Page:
Slavenetic fashion, follows it. See text passage on the Lezoux Plate, Inscription 46 (Dottin
1985) and Passage XLV (Ambrozic 1999.
ON See Inscription II supra.
TV Sln. lit. TU - here is reflected in other gsl. variants
TARBE noun, fem., pl., acc., object of SO NOS - an archaic Sln. dial. betatism of todays Sln. lit.
TRPLJENJA - suffering
TI prn., sing., nom., subject of SO NOS - TI - gsl. - you
SO NOS A very archaic dial. of Sln. lit. NOSI (S SEBOJ) - take away with you. Even though SO and
NOS are written separately, SO (gsl. - with) operates as a prefix to NOS - imp., sing., pres.
of Sln. lit. NOSITI - (with gsl. variants) to carry, to take, to convey. For NOS see Text
Inscription 6 (Dottin 1985).
IEVRV See Inscription III supra and Passage XXVI (Ambrozic 1999).

RV dial. variant of ROV seen in Inscriptions I and IX supra - grave
ON Gsl. - he, he is. Typically, the prn. follows the word it governs, as seen in the Lezoux Plate,
Text Inscription 46 (Dottin 1985), Passage XLV (Ambrozic 1999), and Inscription X supra.
TV Sln. lit. TU - here is reflected in other gsl. variants. See Inscription X supra.

BVSCILLA This word exemplifies the adaptability of the Slavenetic engravers. We encounter a variant SC.
for the (sh) sound, which on other occasions is represented by an X. We see a LJ-sound
value in the double L. The betatism in the first letter and the unwritten U-sound at the end of
the first word are almost old hat by comparison. The dial. Sln. PUILJAV is the transitive,
iterative verb form, where todays literary usage of POSLAN, being the p.p. of POSLATI - to
send, indicates a completed action. Nevertheless, the meaning is clear. The decedent has been
sent to god SOSIN.
SOSIO Encountered as SOSIN in Text Passages 7, 33, and 42 (Dottin 1985), the word may have over
time been transformed to a neuter-nouned SOSJE, the dat. of which in todays lit. usage would
be SOSJU. However, it is possible that a more general notion of deity, rather than the
specific two-headed, Janus-like, SOSIN, was sought for the inscription. In either case, the
meaning again is unambiguous, the decedent had been sent to God.
LEGA Again, as with PUILJAV, LEGAV is in the transitive, iterative, uncompleted-action form,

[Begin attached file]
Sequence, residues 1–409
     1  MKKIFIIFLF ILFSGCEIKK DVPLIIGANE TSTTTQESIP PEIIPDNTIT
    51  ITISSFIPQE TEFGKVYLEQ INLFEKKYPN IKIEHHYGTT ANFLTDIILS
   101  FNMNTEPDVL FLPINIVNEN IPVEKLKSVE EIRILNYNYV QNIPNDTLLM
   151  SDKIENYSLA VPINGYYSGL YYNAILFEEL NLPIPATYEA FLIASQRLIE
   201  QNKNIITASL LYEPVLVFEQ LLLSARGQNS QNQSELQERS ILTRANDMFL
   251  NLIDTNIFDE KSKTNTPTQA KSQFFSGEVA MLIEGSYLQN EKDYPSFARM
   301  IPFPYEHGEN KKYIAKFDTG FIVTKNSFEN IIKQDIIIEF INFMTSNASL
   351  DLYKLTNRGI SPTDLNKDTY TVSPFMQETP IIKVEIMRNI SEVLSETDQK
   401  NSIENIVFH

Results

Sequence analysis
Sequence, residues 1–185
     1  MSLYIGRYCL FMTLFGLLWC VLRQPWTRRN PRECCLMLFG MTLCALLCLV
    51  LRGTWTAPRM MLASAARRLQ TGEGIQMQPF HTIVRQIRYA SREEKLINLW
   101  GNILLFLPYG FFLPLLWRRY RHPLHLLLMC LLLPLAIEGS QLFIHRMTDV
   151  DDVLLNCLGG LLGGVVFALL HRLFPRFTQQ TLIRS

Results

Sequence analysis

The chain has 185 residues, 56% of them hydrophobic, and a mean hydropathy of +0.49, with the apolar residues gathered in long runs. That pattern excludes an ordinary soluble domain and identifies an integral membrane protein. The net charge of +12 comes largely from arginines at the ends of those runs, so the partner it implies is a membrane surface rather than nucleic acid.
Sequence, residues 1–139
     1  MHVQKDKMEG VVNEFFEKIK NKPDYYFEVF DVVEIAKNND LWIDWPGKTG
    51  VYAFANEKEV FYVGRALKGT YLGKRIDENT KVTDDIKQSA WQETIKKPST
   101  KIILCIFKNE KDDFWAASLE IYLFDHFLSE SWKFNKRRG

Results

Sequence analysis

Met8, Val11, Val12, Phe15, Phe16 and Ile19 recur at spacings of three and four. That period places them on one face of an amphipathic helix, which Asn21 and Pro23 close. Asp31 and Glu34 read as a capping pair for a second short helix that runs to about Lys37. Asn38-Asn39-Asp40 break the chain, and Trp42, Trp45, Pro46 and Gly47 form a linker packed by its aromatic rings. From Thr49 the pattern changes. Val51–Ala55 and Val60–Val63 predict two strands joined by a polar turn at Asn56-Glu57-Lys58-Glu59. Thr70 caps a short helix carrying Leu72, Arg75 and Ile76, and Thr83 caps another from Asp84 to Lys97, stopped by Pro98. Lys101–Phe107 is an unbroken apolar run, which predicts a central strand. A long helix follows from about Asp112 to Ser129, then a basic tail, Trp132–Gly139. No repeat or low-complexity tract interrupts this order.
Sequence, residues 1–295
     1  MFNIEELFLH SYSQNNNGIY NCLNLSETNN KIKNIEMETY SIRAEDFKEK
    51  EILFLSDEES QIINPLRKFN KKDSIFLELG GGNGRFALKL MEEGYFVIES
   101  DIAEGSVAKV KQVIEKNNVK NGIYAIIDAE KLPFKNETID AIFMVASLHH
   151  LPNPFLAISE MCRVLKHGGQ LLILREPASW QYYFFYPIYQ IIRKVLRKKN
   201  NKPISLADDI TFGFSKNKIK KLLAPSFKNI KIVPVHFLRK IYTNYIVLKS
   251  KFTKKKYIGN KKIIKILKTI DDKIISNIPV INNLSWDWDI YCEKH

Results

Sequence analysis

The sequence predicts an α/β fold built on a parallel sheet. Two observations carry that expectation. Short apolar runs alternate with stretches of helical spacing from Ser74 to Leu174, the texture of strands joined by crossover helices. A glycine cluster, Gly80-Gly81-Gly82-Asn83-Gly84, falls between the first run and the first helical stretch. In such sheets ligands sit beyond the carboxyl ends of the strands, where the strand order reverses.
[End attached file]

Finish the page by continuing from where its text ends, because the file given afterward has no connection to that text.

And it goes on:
and yet we know from NA LIXIE MAGALU that the decedent had already been laid to rest
in an easier mound. Undoubtedly, the seventeen centuries that separate us from the
inscription have claimed their due. Sln. dial. LEGAV for lit. LEGAL is p.p. of LEGATI, an
iterative form of LEI - to lie. It is today seldom found without prefix combinations, the
Dalmatian and Likan vernacular of today also continues to insinuate itself.
SI TI TI - gsl. - you; SI - 2nd prs., sing., pres. of BITI - to be, serving as aux. v. to LEGA
NA Gsl. and both Sln. dial. and lit. - on
LIXIE An archaic dial. form of todays Sln. lit. LAJE - lighter, easier - a comparative of LAHEK -
gsl. - easy, light. Here in an instr. case, governed by prep. NA.
MAGALV An extreme akn. form of Sln. and SC. metathesised GOMILA; MOGILA - SC., Mac., Blg., R.
and with minor variations - also Csl., Ukr., P., Cz., Slk., and Old Lusatian - mound, grave,
heap of earth. It appears in a dial. instr. case, governed by prep. NA.

MAT Sln. dial. vocative - mother
IA SC. - I. See Text Inscription 6 (Dottin 1985), and the Vannes cemetary inscription appearing
on p.147 (Lambert 1995).
B Sln. dial. B for Sln. lit. BI - would
K Sln. dial. K for Sln. lit. KO - that, so that
ON Gsl. - he. See ON in Inscriptions II, X, and XI, and akn. AN in Inscriptions III and IX supra.
NOY archaic Sln. and SC. lit. NJOJ - her, to her. See Text Inscription 32 (2) (Dottin 1985).
BP Since only a fragmented inscription survived, we can assume that the two letters are the
beginning of BRATOY (VRATOJ), which appear in Text Inscriptions 1, 3, 19, 20, 24, and 27
(Dottin 1985).